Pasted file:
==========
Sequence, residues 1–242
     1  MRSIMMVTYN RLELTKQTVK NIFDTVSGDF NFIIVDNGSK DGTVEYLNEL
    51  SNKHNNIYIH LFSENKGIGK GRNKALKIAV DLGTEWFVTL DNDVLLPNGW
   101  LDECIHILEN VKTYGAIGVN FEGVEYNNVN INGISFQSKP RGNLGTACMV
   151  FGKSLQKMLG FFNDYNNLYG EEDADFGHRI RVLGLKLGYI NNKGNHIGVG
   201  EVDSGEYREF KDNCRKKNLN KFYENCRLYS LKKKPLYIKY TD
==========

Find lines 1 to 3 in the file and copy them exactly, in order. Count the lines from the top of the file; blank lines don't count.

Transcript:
Sequence, residues 1–242
     1  MRSIMMVTYN RLELTKQTVK NIFDTVSGDF NFIIVDNGSK DGTVEYLNEL
    51  SNKHNNIYIH LFSENKGIGK GRNKALKIAV DLGTEWFVTL DNDVLLPNGW